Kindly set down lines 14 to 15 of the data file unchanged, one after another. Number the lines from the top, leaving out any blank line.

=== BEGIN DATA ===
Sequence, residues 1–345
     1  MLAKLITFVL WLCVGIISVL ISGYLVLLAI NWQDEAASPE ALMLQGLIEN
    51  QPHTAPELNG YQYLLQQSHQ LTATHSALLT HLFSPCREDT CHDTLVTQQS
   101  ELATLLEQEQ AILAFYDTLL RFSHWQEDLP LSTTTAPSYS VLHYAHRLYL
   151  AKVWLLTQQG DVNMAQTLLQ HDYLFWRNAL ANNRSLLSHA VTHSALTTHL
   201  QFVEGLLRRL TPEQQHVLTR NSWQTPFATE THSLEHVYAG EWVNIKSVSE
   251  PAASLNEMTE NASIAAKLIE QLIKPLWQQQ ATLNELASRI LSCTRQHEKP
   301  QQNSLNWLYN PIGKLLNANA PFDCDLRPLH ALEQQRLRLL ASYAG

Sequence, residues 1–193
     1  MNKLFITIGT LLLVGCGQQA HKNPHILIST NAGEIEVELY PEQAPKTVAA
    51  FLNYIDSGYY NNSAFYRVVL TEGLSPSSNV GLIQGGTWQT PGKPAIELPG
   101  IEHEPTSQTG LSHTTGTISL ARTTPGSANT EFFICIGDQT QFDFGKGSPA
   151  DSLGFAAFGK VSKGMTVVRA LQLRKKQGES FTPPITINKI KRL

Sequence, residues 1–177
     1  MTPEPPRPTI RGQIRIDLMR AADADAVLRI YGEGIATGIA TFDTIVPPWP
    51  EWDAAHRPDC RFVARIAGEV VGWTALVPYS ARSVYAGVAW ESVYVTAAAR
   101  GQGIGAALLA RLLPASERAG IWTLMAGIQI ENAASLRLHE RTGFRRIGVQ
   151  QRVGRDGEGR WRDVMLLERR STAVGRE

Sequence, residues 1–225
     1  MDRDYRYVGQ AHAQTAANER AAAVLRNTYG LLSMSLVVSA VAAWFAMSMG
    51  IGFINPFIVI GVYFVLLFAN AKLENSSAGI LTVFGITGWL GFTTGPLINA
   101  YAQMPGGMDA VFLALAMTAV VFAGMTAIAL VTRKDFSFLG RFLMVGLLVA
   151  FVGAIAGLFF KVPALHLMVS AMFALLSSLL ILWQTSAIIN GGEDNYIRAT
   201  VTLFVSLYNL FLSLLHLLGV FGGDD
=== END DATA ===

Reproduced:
Sequence, residues 1–177
     1  MTPEPPRPTI RGQIRIDLMR AADADAVLRI YGEGIATGIA TFDTIVPPWP